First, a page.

Two women, one black and one white, were happily reviewing their produce choices in a Santa Rosa market last week. As the pleasantries concluded, the black woman said, “I want to say something to you.”
“I want to say thank you. Thank you for not grabbing your purse when you saw me.”
The other woman blinked. “But this is Santa Rosa. That doesn’t happen here … does it?”
Such are the big and small cruelties associated with racial bias.
While we may pretend that racism doesn’t happen here, history tells us that racism has been with us for a long time — beginning with the mistreatment of Native Americans by the earliest white settlers. As Los Angeles Times columnist George Skelton reminded us on Friday — “Don’t be too smug, California” — California committed genocide against Native Americans.
During the Civil War, historians tell us, Santa Rosa and the Russian River Valley to the north were considered “a Confederate stronghold in a Union state.” (In 1864, Sonoma County was the only county in California not to support the re-election of Abraham Lincoln.)
At various times in the history of Sonoma County, people of Chinese, Italian, Japanese, Mexican and African ancestry have been among those who experienced discrimination and persecution.
It turns out Americans have a history of welcoming immigrants to do the hard work of their town and then later making them feel unwelcome.
The lesson here: We still have work to do.
What we didn’t expect last week was a president reluctant to condemn neo-Nazis carrying swastika flags, torch-bearing members of the Ku Klux Klan and people chanting anti-semitic slogans (“Jews will not replace us.”)
As media mogul James Murdoch noted, an unequivocal denunciation of neo-Nazis and Klan marchers should not have been difficult. In protest of President Donald Trump’s response to the events in Charlottesville, Virginia, Murdoch donated $1 million to the Anti-Defamation League.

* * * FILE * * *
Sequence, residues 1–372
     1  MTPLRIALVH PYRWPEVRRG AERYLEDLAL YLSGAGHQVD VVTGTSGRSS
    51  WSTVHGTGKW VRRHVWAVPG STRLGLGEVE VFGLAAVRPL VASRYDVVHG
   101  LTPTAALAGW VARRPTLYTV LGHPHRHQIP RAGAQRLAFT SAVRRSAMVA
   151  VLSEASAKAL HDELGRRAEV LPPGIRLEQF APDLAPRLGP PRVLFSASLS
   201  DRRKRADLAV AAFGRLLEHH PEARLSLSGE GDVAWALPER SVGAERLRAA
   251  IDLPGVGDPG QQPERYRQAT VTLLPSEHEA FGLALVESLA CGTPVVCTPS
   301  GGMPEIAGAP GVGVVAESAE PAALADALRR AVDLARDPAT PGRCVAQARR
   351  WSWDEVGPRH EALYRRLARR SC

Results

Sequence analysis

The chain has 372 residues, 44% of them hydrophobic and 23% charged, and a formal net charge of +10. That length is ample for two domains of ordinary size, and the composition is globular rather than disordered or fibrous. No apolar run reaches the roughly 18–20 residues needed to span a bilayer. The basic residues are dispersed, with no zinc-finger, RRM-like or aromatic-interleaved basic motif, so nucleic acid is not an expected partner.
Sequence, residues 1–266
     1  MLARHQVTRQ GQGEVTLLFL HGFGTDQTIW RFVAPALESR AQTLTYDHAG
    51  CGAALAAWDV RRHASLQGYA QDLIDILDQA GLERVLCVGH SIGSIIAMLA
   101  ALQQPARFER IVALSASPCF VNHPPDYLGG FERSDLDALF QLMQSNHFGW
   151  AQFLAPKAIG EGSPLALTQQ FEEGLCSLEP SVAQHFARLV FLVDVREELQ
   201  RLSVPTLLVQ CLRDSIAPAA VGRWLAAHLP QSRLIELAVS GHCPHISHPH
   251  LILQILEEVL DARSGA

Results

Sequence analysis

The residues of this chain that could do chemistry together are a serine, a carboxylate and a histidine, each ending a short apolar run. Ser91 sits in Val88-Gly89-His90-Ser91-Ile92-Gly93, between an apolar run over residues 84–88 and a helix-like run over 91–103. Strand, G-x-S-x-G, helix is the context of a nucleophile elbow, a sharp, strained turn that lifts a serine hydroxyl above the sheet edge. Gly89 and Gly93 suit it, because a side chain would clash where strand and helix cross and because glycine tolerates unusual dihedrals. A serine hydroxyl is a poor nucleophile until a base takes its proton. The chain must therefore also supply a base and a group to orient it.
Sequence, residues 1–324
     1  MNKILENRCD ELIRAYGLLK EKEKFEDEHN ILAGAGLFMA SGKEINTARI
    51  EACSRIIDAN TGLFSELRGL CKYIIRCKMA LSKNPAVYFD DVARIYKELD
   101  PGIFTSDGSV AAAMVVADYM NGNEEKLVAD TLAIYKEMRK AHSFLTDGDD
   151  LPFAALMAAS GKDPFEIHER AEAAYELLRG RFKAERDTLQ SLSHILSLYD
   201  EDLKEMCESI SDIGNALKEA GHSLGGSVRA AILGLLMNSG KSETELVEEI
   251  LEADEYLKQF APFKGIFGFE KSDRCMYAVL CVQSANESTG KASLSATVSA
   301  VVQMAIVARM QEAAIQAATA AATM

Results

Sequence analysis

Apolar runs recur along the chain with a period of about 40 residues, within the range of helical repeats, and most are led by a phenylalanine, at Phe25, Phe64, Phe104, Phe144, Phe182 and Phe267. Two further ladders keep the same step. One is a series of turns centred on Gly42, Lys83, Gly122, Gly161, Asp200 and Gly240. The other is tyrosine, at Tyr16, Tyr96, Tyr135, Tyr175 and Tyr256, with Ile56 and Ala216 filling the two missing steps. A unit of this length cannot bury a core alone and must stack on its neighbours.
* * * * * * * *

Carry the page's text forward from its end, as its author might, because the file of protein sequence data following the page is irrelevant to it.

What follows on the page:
“These events remind us all,” he said, “why vigilance against hate and bigotry is an eternal obligation — a necessary discipline for the preservation of our way of life and our ideals.”
And so we are reminded again how race and the politics of race continue to haunt the American story.
I thought back four years ago to a visit to the Metropolitan Museum of Art in New York City and a special exhibition called “The Civil War and American Art.” The most iconic painting from that exhibit — Winslow Homer’s “Prisoners from the Front” — shows three Confederate prisoners defiantly confronting a Union officer.
The curator of the exhibit wrote: “The standoff epitomizes the lingering hostility and bitterness felt on the part of the Confederates, and by extension the Northerners’ cluelessness as to the depth of that animosity.”
The curator added, “Left to pick up the pieces and start anew, many in the South descended into bitter recriminations … and they conjured gallant fantasies of the Lost Cause.”
Now, more than a century and a half later, we are re-litigating the Civil War. In Charlottesville and elsewhere, we are once again debating the meaning of monuments that honor the leaders of the Confederacy, an alliance borne of the desire to keep black people as slaves.